Let me tell you a story, dear reader. It is about a land — a quasi-dictatorial kingdom no less — where locals huddle round trashcan fires on the streets of the great metropolis, gnawing on legs of mutton and cavorting in swamps. Once there was good government, but a plebiscite some years ago brought with it autocracy, plague and a nation "falling apart at the seams."

Which land could this be? Why it can only Cockburn's ancestral homeland, the dear old United Kingdom, as seen through the eyes of the average New York Times subscriber. For years now Cockburn has...

Let me tell you a story, dear reader. It is about a land — a quasi-dictatorial kingdom no less — where locals huddle round trashcan fires on the streets of the great metropolis, gnawing on legs of mutton and cavorting in swamps. Once there was good government, but a plebiscite some years ago brought with it autocracy, plague and a nation “falling apart at the seams.”

Which land could this be? Why it can only Cockburn’s ancestral homeland, the dear old United Kingdom, as seen through the eyes of the average New York Times subscriber. For years now Cockburn has been chronicling the Brit-bashing excesses of America’s least reliable news source. Whether it’s peddling dubious clickbait about the vaccine regime or comparing everything to Brexit, there are few articles that the NYT won’t run to please its audience of superior left-leaning Americans and self-flagellating Brits.

And now the NYT has done it again, running two extremely questionable articles in the space of two weeks. The first concerned a young man called Ademola Adedeji. According to the Times, Adedeji was “swept up” in a “murder-conspiracy case with no murder.” The young black man, the paper gasped, “never attacked anyone or owned a weapon.” British policing, the NYT implied, was to blame, given how its “war on gangs disproportionately targets young Black men.” Unfortunately, conspiracy to murder is still bad — even if the person involved doesn’t manage to commit a murder. That’s probably why it is a crime on both sides of the Atlantic.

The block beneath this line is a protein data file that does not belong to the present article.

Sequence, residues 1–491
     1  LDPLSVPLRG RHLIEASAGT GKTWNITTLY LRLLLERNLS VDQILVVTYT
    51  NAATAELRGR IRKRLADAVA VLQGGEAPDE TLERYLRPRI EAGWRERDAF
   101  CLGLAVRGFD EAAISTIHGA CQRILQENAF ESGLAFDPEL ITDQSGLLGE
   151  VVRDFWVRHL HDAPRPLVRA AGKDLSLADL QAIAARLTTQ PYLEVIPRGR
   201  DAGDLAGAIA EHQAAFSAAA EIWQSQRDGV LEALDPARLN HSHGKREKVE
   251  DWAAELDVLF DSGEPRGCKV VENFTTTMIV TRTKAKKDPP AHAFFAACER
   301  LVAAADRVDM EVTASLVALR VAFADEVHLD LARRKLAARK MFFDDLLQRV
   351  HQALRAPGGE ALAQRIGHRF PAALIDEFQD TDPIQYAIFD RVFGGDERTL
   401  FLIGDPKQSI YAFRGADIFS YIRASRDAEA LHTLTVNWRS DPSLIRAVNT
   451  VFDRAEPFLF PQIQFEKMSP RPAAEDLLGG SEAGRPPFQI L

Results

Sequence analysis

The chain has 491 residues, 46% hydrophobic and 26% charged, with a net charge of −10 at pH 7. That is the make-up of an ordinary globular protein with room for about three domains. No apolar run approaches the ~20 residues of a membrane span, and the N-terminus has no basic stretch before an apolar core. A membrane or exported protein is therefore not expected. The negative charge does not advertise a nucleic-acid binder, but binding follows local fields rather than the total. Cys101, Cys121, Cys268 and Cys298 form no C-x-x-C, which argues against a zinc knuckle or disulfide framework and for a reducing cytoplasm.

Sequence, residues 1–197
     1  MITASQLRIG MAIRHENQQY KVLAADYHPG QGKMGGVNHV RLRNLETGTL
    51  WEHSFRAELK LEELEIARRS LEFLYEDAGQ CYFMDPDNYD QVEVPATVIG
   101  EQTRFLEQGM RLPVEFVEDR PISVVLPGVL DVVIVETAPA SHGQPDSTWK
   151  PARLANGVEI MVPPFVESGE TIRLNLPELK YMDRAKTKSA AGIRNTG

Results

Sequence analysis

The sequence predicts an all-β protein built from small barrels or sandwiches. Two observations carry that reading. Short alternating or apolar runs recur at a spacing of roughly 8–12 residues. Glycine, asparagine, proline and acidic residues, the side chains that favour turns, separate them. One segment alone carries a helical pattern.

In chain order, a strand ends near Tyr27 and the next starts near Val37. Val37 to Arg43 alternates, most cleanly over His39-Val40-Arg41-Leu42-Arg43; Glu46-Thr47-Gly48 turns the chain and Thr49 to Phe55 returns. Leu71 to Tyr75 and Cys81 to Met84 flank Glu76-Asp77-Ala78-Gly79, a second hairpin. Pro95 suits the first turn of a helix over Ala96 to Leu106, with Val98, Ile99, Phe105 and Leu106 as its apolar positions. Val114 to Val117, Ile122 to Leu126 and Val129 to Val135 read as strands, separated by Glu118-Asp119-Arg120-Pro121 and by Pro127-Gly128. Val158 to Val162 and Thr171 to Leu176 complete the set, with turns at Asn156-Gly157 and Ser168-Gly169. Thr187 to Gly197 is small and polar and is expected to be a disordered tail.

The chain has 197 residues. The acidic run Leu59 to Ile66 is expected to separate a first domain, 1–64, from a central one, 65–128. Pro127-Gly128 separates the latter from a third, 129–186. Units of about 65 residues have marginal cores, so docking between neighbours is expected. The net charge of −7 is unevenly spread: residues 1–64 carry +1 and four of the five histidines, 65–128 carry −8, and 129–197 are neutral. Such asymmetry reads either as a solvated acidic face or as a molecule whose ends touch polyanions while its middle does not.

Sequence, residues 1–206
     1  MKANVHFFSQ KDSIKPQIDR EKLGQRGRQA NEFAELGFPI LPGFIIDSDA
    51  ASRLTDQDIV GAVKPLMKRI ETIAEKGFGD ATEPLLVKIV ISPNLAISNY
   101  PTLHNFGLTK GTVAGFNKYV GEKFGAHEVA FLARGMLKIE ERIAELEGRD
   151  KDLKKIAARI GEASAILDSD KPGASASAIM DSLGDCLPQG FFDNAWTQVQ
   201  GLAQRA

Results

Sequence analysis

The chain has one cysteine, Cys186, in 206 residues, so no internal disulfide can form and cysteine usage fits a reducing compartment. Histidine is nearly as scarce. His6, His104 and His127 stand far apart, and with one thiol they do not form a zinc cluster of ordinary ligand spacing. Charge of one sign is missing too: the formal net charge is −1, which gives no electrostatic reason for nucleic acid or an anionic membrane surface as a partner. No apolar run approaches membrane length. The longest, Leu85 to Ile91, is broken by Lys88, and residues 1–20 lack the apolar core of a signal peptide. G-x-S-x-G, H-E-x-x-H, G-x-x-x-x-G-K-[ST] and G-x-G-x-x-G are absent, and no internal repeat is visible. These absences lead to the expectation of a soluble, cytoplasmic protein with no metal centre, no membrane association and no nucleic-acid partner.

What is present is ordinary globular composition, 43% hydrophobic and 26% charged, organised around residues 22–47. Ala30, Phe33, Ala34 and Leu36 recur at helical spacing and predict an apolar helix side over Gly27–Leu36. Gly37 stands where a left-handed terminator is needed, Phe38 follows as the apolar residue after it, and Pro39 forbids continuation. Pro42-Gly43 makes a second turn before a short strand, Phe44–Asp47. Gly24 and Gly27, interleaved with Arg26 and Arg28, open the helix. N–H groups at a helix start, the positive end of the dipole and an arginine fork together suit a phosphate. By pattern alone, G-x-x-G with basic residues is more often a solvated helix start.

Just as night follows day, so too did a second article follow that first. Another article questioning the motives of the entire British legal system appeared last Sunday, this time about the Modern Slavery Act. Enacted in 2015, it was designed to prevent human trafficking. “But” intoned the NYT gravely, the Act is now “being wielded against low-level drug dealers more than cross-border human traffickers, and disproportionately affecting Black men under twenty-one.”

Who, pray, were the young gentlemen being unjustly imprisoned for such crimes? The case study that the Times chose to offer up as proof of its theory was a chap called Glodi Wabelua. The term “low-level drug dealer” suggests a certain teenage amateur type, selling a few grams of weed on a Saturday night out. Wabelua, whatever else, doesn’t exactly sound like that. The NYT notes with shock, how, in the government’s eyes “Mr. Wabelua was not just a drug dealer. He was a slave master.”

Yet the reports of Wabelua’s original conviction in 2019 suggests that term is very much appropriate. The Guardian no less reported that Wabelua “ran a lucrative drugs supply into Portsmouth from London using teenagers as young as fourteen as their mules… the victims, all from south London, were recruited and groomed before being sent to Portsmouth… Wabelua [and his associates]… had total control over their teenage victims’ freedom of movement.”

Sounds an awful lot like a slave master, eh? Drug dealers enlisting children seem to be, er, precisely the sort of people this law was designed to target. For a news organization that fulminates so much about “false information, sketchy digital ads and other deliberate efforts to mislead,” perhaps the New York Times could start tackling this problem by addressing its own issues close at home?

This article was originally published on The Spectator’s UK website.